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Warning UK losing £2,300 per minute to fraud

Warning UK losing £2,300 per minute to fraud

People in the UK lost £1.2bn to fraud in 2022, the equivalent of £2,300 every minute, according to bank industry group UK Finance.

It said around three million scams took place - slightly less than the previous year - with frauds involving payment cards being the most common.

UK Finance said losses were not always reimbursed and urged tech firms to "share the burden" of covering costs.

Ministers say they will get tougher on scams as part of a national strategy.

Fraud is now the most common crime in the UK, with one in 15 people falling victim.

According to UK Finance, the amount of money stolen in 2022 was actually 8% less than in 2021, and fraud cases were down 4% - but there were still nearly three million cases across the UK in total.

It said the most common type of fraud after card fraud was scams involving purchases.

*  It also found that romance fraud - where a scamming gang pretends to be romantically interested in the victim to get money - increased in 2022.

*  However, investment fraud, where fraudsters pretend to offer an opportunity to invest, fell by a third amid cost-of-living pressures.

UK Finance boss David Postings said drugs gangs, criminal groups abroad and "state-sponsored bad actors" were responsible for the majority of fraud.

He added that while banks were legally obliged to refund so called unauthorised fraud, they did not have to cover the costs of authorised scams - where victims are tricked into agreeing to send sending money to fraudsters.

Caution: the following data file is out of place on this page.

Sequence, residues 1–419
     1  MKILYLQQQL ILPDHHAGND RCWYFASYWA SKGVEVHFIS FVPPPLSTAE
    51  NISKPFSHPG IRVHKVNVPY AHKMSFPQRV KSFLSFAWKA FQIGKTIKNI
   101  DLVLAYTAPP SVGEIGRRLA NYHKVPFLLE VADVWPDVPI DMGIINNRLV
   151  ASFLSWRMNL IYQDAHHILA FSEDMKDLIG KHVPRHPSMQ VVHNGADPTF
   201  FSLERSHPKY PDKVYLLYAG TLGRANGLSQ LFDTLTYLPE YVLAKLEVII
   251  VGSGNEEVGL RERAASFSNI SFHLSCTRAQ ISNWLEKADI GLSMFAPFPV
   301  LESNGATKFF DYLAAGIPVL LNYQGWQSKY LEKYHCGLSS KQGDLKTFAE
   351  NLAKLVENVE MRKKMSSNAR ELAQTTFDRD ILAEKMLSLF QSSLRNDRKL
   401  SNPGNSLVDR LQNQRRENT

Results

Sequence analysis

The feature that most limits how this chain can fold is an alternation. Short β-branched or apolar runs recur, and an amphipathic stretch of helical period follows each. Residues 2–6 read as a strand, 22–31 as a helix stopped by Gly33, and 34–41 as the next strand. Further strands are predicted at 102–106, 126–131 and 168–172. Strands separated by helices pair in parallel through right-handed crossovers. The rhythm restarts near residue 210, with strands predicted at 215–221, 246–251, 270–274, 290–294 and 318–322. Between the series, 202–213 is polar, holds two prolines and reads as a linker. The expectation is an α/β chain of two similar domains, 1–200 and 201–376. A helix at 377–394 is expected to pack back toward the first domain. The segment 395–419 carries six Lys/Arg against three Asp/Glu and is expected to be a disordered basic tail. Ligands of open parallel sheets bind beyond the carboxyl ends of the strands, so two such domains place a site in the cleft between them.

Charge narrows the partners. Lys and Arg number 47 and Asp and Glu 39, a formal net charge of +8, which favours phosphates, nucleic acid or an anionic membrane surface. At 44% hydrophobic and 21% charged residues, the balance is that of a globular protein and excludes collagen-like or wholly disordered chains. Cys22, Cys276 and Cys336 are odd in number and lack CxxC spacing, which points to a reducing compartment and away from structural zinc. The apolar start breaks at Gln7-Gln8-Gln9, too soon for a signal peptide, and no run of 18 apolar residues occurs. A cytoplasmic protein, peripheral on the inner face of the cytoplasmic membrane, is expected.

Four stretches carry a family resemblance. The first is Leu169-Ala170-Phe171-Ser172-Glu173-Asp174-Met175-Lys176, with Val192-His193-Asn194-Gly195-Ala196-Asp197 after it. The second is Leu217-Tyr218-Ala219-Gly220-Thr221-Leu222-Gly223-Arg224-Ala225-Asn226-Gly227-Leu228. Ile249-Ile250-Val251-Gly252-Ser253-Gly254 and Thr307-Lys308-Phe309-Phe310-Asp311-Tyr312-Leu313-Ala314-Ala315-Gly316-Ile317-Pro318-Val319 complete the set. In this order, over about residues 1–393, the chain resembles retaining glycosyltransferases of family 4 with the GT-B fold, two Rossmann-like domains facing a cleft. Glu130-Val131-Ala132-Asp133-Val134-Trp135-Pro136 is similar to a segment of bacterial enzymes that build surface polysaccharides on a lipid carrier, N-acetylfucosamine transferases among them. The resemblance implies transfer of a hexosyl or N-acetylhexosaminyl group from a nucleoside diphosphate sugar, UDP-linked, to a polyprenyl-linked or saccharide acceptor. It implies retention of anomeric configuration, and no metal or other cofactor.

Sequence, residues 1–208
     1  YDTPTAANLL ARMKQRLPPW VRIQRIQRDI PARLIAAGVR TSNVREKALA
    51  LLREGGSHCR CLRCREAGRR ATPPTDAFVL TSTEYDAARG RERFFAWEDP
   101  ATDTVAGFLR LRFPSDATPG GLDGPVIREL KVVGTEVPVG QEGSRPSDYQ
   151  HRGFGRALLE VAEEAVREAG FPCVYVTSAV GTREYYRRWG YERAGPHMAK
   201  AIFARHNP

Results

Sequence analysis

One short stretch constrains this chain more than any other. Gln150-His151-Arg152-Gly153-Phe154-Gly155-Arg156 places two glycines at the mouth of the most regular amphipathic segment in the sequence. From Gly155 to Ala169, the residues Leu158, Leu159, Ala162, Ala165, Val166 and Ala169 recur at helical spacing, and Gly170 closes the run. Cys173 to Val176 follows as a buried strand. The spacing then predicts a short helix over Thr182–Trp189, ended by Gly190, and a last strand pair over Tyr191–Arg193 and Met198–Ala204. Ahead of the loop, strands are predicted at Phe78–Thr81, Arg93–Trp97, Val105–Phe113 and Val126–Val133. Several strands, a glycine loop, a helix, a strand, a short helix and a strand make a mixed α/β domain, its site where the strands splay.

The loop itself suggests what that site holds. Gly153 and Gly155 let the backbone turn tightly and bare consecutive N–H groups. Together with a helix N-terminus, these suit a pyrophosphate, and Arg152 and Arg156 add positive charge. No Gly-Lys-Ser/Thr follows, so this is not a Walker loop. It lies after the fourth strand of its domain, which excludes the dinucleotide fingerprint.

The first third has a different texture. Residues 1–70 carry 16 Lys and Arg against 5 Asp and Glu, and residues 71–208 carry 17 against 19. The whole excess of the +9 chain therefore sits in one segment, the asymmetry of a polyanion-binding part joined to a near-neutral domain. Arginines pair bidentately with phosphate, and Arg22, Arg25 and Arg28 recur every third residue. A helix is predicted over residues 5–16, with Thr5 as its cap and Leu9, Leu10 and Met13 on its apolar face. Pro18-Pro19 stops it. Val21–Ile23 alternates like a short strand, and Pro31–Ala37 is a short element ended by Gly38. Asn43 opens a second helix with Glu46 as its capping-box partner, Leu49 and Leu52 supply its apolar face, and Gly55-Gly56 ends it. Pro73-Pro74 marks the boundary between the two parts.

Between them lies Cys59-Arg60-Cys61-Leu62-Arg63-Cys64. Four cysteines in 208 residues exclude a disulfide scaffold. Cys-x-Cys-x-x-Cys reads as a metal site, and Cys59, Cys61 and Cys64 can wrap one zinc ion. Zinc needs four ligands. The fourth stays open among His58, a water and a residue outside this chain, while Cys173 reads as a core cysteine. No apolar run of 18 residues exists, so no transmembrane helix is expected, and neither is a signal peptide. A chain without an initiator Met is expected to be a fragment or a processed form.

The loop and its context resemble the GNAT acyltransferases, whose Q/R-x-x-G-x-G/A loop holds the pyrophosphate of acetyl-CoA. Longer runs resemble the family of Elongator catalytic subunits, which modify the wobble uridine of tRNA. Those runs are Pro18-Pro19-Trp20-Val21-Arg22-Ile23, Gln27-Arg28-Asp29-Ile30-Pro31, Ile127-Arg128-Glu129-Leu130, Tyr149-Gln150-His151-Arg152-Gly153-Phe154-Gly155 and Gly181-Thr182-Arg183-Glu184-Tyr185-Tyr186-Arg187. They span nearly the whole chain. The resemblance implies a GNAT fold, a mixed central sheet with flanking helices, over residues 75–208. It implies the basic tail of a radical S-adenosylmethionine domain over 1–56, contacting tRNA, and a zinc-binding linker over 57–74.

As a result, banks only refunded about 59% of the losses from this type of fraud on a voluntary basis, amounting to £285.6m of the £485.2m stolen.

Mr Postings said many of the most common frauds started online and called on tech and telecoms companies to play a greater role in reimbursing lost funds.

However, industry group Tech UK said technology firms "already take a wide range of active measures to prevent fraud".

In terms of future threats, Mr Postings said he was concerned that artificial intelligence [AI] would let scammers "spoof people even more than is already the case".

He added that AI could be used to automate fraud and generate convincing scams to trick people.

The government recently released a new fraud strategy, which will include allowing banks to delay payments from being processed for longer, to allow for suspect payments to be investigated.

The strategy will also include banning cold calls on all financial products, such as those relating to bogus insurance or sham cryptocurrency schemes, to help stop scams at source.

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